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Comment Re:Any actual examples? (Score 1) 598

I'm sorry this is happening to you. Have you tried doing any troubleshooting? (I know, it's not your job, it should just work, but it would be interesting to know if there is a reproducible case. If you had one, you can report it to Apple. They do look at bug reports from users.) Also, you might want to try using "Manually manage music and videos". (Connect your device, select its icon from the row of icons at the top left, then look under Settings, Summary, Options. It's at the bottom.) Once you check that box, iTunes doesn't try to sync the host's library any more. You just drag whatever you want from iTunes to the device and it gets copied straight over. (Theoretically - would be interesting to know if that fixes things for you.)

Comment Re:I don't see the point (Score 4, Insightful) 197

Ten years ago, when hard drives were small and NAS systems for home use didn't really exist, I could see the point of all this ripping and converting. But now, with multi-terabyte HDs and the proliferation of NAS appliances, there is a limited need for this or any other 'compressed' music file format.

I'll give you one: metadata. WAV doesn't really support it in a standard way across applications. AIFF is a little better but it doesn't have a lot of traction on Windows. FLAC has a robust tagging scheme. Since converting to lossless is incredibly fast, and you typically save about 30% of the disk space, why not do it?

Comment Killed my Mac (Score 1) 56

I have no idea how this is even possible, but BT Sync kills my home Mac's network connection. It's so weird. I can ping out from my mac fine, but pinging TO the mac results in 90% packet loss. Needless to say, this makes the network quite useless. Quit the app, no more packet loss. Took me quite a while to track that down!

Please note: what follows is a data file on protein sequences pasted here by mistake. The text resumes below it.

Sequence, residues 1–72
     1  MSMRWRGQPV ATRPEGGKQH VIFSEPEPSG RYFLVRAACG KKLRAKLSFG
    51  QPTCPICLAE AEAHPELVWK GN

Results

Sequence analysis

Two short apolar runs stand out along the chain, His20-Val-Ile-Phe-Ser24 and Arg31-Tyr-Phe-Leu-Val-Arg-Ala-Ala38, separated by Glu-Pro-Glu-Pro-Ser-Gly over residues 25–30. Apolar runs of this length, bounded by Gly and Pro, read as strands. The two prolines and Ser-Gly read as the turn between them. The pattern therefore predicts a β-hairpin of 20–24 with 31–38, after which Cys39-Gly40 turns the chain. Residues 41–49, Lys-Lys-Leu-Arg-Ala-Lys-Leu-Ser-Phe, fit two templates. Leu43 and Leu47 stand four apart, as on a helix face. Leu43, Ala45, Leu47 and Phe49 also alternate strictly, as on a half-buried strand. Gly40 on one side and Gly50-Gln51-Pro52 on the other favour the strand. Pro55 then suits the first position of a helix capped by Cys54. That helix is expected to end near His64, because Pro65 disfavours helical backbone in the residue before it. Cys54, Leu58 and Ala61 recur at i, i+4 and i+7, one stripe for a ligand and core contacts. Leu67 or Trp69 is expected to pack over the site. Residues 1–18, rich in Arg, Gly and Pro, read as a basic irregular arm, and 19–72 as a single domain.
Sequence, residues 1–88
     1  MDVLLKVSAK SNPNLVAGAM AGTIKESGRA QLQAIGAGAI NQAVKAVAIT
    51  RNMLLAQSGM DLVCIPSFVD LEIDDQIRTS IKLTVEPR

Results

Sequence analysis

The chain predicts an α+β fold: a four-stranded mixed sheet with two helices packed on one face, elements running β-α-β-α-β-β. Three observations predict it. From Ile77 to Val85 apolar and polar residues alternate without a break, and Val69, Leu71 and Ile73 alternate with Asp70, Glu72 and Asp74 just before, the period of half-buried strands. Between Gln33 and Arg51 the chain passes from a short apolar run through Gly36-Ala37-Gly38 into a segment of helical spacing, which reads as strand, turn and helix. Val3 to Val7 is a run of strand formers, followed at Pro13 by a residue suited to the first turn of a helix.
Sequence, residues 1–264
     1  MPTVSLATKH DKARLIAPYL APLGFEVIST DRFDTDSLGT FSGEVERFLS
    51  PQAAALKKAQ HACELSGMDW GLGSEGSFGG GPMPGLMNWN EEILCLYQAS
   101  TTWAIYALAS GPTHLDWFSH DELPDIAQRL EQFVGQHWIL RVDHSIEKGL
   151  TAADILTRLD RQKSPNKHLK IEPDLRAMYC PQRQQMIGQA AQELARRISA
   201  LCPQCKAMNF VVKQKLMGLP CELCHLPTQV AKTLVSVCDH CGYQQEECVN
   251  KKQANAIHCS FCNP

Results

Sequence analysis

Comment Re:Focus all you want... (Score 2) 207

Which is kind of ironic considering their cloud vending came from their retail business. Amazon used to have tons of extra server power set aside which was just used keep the site running smoothly during the insane blitz of online shoppers during the holiday season. Of course that only lasted for a month or so out of the year so they began to lease out that extra server power during all the months it wasn't in use.

This is a myth. AWS founder addressed in in a Quora answer: http://www.quora.com/Amazon/How-and-why-did-Amazon-get-into-the-cloud-computing-business

Comment Re:In the mean time... (Score 1) 150

Google apps is sold with a 99.9% uptime guarantee - that works out to a maximum of 526 minutes downtime per year.

In the last three years that we've been using Google apps, I've never had more than one hour of cumulative downtime in a calendar year. I also haven't spent a single second configuring or monitoring email servers, backing up email data, or with an executive breathing down my neck while I work on a server problem.

I'm pretty happy about that track record.

This. 1000x this. We've been using Google Apps (paid) for 5 years and I can't remember any significant downtime in that period. We've had more problems with our internet connection than Google problems.

Mommy, what happens to your files when you die?